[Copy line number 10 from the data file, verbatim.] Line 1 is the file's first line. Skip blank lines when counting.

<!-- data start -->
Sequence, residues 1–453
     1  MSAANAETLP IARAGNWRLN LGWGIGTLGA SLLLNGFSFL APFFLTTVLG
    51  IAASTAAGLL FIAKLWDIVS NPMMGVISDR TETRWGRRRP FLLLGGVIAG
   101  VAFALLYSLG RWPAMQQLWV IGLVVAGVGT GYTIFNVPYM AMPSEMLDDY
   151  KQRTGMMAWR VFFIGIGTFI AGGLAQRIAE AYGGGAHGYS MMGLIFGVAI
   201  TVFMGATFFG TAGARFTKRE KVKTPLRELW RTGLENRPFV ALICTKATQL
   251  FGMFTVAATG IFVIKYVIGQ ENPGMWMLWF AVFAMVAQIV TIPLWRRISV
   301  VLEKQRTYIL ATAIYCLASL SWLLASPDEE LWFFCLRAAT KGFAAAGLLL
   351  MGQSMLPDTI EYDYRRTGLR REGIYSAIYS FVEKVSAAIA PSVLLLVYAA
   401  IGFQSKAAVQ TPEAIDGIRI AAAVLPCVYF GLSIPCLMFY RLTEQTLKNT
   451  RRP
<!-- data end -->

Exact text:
   401  IGFQSKAAVQ TPEAIDGIRI AAAVLPCVYF GLSIPCLMFY RLTEQTLKNT